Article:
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M.A. in Deaf Studies: Language and Human Rights

Dr. Gene Mirus, Program Coordinator
Sorenson Language and Communication Center, Room 1202

The Concentration in Language and Human Rights is designed to give a globally-based student population an understanding of the development of international human rights instruments, institutions, and discourses, with a focus on languages and linguistic minorities. This focus will give students a solid background in academic research and international policymaking which can be used to work in the field of linguistic human rights, with special attention to the unique situation of peoples who use sign language. Students will work a full academic year toward the completion of their Language and Human Rights research project which may take the form of a thesis or an applied project. This Concentration includes a study-abroad program in the fourth semester.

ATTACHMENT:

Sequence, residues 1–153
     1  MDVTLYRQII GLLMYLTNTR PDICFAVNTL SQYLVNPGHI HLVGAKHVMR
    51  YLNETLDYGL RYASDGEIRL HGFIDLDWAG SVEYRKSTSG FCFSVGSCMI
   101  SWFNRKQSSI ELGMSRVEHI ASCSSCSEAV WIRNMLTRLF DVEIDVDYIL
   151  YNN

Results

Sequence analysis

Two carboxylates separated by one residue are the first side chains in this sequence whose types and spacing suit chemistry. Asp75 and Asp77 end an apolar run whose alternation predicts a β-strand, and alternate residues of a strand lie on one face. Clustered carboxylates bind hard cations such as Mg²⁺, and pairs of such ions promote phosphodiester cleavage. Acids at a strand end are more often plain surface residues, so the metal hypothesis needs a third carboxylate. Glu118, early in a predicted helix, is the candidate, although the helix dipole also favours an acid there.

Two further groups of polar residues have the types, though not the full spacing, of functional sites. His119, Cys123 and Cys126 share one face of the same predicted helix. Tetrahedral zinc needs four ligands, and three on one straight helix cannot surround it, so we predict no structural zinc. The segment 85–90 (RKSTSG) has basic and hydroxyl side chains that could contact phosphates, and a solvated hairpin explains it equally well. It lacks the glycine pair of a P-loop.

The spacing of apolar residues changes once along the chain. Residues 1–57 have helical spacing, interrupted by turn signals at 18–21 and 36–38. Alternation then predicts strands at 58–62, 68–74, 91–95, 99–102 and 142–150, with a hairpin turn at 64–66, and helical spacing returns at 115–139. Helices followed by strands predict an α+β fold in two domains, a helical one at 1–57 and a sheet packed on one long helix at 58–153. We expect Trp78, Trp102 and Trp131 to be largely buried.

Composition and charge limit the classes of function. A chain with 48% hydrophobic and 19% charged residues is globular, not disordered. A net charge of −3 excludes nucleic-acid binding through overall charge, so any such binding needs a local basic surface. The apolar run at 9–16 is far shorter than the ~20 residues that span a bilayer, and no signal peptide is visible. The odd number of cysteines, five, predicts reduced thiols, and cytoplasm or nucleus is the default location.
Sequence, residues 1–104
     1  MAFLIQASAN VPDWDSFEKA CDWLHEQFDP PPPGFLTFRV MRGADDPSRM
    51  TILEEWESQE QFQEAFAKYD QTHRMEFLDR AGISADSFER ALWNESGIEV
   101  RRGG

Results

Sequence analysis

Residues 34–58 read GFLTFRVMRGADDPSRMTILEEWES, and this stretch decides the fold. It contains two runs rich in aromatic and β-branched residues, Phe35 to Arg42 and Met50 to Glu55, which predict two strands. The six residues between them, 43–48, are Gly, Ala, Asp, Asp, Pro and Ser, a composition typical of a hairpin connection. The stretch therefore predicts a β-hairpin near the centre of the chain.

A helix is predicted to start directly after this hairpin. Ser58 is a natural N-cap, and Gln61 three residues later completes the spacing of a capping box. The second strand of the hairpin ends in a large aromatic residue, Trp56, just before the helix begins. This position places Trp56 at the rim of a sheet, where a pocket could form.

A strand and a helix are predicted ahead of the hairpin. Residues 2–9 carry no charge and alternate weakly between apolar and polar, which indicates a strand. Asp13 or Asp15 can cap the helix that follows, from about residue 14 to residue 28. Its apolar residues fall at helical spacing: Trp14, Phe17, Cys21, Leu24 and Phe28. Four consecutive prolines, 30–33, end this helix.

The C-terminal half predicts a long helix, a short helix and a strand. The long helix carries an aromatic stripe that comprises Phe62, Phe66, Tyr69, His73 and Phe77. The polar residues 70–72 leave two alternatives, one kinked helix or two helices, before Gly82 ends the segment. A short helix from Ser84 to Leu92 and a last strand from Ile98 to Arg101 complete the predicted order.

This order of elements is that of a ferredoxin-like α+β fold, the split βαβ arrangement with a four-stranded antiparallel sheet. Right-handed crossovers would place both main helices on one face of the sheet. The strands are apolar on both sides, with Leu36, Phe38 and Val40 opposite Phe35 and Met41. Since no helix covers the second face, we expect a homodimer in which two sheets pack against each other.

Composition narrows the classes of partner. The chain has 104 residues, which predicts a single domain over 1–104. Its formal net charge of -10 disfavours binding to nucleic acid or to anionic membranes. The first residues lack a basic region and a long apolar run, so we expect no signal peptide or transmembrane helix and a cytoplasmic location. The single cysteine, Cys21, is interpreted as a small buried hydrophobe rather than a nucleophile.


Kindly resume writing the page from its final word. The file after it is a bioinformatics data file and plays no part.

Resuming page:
Admissions suspended for the 2014-2015 academic year

 

Admissions suspended for the 2014-2015 academic year

Admissions Procedures and Requirements

Applicants for the M.A. in Deaf Studies must complete the application procedures and meet the requirements for graduate study at Gallaudet University. Visit the Graduate Admissions web site for more information and a checklist of application requirements. Detailed program information and course descriptions are also available under the 'Overview' and 'Courses' tabs.

DEADLINE

DATE

First Date for Consideration of Application: November 15
Due Date for Completed Application: February 15

Program Specific Requirements:

  • Three letters of reference